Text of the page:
Written by: Don Benson, Esq. 

A December 16, 2015, federal court decision found that the pay of telemarketing employees was improperly docked for taking water, bathroom and rest breaks- virtually all time not spent making sales calls was treated as unpaid time. Perez v. American Future Systems, Inc., civ. No. 12-6171 (E.D. Pa. 2015).

This unpaid time when added to the actual time paid for work, brought the employees below the minimum wage in many work weeks.

With 6,000 employees subject to these rules and the company’s decision not to change its policies for an additional two years during the litigation, unpaid hours worked plus an equal amount for liquidated damages under the FLSA may reach $1.75 million. Adding insult to injury down the road will also likely be an award of attorney’s fees to Plaintiff’s counsel.

The employer maintains a timekeeping system that requires its sales representatives to log-on and log-off its computer and telephone systems at certain times. When representatives arrive at work during a branch’s hours of operation, they log-on to the branch’s computer system.  Representatives remain logged-on to the computer system while making outbound sales calls, documenting the results of those calls, receiving training, and other approved tasks. Progressive sales representatives are only paid for the time that they are logged into the timekeeping system. The computer system paid for non-work breaks only if the break lasted 90 seconds or less. Anything longer was treated as unpaid time.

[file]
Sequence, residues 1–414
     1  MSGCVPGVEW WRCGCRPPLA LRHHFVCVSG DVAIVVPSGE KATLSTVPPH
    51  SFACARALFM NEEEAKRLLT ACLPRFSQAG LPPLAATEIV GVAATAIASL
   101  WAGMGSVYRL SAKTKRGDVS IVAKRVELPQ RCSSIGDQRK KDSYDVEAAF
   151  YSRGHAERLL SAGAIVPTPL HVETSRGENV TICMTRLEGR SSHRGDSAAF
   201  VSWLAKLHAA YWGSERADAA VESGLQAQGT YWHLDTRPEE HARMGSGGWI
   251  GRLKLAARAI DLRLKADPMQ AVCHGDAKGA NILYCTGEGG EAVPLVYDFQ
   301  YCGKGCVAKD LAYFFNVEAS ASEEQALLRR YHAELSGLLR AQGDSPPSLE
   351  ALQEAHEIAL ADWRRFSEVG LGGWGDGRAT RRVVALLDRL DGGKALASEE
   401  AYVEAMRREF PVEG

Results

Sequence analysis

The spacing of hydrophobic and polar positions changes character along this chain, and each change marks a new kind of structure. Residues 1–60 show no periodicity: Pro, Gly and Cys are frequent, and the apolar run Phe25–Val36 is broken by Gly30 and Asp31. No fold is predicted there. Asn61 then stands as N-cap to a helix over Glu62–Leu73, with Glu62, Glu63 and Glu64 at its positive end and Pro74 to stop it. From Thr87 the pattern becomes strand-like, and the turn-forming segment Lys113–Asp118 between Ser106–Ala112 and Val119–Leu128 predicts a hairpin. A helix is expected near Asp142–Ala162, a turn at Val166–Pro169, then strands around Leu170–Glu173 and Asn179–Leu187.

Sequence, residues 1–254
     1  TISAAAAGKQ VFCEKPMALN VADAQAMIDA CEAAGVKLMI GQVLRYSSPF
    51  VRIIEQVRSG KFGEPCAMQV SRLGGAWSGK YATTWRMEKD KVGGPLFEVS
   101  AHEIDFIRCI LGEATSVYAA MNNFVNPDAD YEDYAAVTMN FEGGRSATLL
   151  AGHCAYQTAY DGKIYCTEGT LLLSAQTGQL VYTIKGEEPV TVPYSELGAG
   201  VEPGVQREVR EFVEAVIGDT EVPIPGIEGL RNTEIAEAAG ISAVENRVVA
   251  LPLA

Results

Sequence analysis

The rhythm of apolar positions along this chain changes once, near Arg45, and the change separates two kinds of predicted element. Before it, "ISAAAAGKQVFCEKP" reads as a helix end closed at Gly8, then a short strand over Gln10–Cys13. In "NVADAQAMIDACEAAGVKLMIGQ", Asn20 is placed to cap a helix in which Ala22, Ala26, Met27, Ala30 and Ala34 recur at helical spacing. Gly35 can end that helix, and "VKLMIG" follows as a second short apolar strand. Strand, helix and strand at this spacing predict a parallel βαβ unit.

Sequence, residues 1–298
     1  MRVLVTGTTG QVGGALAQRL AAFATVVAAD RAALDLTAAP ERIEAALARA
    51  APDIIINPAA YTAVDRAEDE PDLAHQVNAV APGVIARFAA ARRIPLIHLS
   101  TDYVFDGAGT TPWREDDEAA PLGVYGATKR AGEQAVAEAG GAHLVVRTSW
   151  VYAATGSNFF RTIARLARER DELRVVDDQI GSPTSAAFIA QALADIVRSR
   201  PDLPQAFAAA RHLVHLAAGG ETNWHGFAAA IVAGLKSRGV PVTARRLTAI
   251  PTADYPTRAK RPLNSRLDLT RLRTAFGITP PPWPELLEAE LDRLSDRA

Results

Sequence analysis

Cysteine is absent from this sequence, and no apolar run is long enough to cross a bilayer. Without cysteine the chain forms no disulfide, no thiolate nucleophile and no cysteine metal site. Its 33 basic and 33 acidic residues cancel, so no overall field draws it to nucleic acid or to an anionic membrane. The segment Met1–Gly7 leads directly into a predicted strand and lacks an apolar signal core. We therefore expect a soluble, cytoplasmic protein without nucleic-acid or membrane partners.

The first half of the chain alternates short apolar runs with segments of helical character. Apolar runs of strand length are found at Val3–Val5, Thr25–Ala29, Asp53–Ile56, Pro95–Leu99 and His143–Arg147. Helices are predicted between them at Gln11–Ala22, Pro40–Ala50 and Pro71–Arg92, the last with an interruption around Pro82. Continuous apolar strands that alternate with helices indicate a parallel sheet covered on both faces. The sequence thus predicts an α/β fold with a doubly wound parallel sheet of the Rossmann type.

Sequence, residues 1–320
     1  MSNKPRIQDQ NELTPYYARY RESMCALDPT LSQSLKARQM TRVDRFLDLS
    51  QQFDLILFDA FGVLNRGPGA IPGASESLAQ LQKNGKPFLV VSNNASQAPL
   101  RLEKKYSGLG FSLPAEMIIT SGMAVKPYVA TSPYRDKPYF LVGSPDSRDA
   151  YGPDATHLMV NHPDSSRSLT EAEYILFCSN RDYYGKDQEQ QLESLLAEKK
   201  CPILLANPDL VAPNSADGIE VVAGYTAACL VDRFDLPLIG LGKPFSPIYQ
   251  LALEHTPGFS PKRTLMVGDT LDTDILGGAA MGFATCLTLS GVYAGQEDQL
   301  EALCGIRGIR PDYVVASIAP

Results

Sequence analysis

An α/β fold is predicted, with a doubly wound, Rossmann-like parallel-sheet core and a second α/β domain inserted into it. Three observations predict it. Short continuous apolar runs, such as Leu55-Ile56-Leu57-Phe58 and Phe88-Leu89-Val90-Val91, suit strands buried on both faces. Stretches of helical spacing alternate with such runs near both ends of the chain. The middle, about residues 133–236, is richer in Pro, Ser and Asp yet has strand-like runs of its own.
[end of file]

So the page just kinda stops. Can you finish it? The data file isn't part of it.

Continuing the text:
In July 2009, Progressive implemented a written compensation policy stating, among other things, that: “Representatives may take personal breaks at anytime for any reason. Personal break time is NOT paid because it is a disadvantage to the representative to do so.”

The Wage and Hour Division of the U.S. Department of Labor has enforced its break-time Regulations despite a changing workplace and modern technology. “By ensuring that employees do not have their wages withheld when they take short breaks of 20 minutes or less to visit the bathroom, stretch their legs, get a cup of coffee, or simply clear their head after a difficult stretch of work, the regulation undoubtedly protects employee health and general well-being by not dissuading employees from taking such breaks when they are needed.”

As modern technology allows for more precise record keeping of actual work time, employers should not be miss-led into ignoring the obligations under Wage and Hour Regulations to pay for breaks 20 minutes or less.

With such widely publicized large verdicts, more and more Wage and Hour lawsuits can be expected. Prudent employers are smart to review their pay practices and exemption classifications carefully in 2016.